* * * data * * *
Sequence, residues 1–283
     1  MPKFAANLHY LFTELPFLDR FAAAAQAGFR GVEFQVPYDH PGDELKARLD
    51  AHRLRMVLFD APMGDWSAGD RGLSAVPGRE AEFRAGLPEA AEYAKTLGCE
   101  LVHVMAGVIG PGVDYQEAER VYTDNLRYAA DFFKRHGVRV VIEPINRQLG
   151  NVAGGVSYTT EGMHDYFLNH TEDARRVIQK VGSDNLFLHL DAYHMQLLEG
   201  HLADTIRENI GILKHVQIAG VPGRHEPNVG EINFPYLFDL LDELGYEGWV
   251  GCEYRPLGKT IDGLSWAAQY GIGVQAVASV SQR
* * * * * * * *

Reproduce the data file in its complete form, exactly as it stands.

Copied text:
Sequence, residues 1–283
     1  MPKFAANLHY LFTELPFLDR FAAAAQAGFR GVEFQVPYDH PGDELKARLD
    51  AHRLRMVLFD APMGDWSAGD RGLSAVPGRE AEFRAGLPEA AEYAKTLGCE
   101  LVHVMAGVIG PGVDYQEAER VYTDNLRYAA DFFKRHGVRV VIEPINRQLG
   151  NVAGGVSYTT EGMHDYFLNH TEDARRVIQK VGSDNLFLHL DAYHMQLLEG
   201  HLADTIRENI GILKHVQIAG VPGRHEPNVG EINFPYLFDL LDELGYEGWV
   251  GCEYRPLGKT IDGLSWAAQY GIGVQAVASV SQR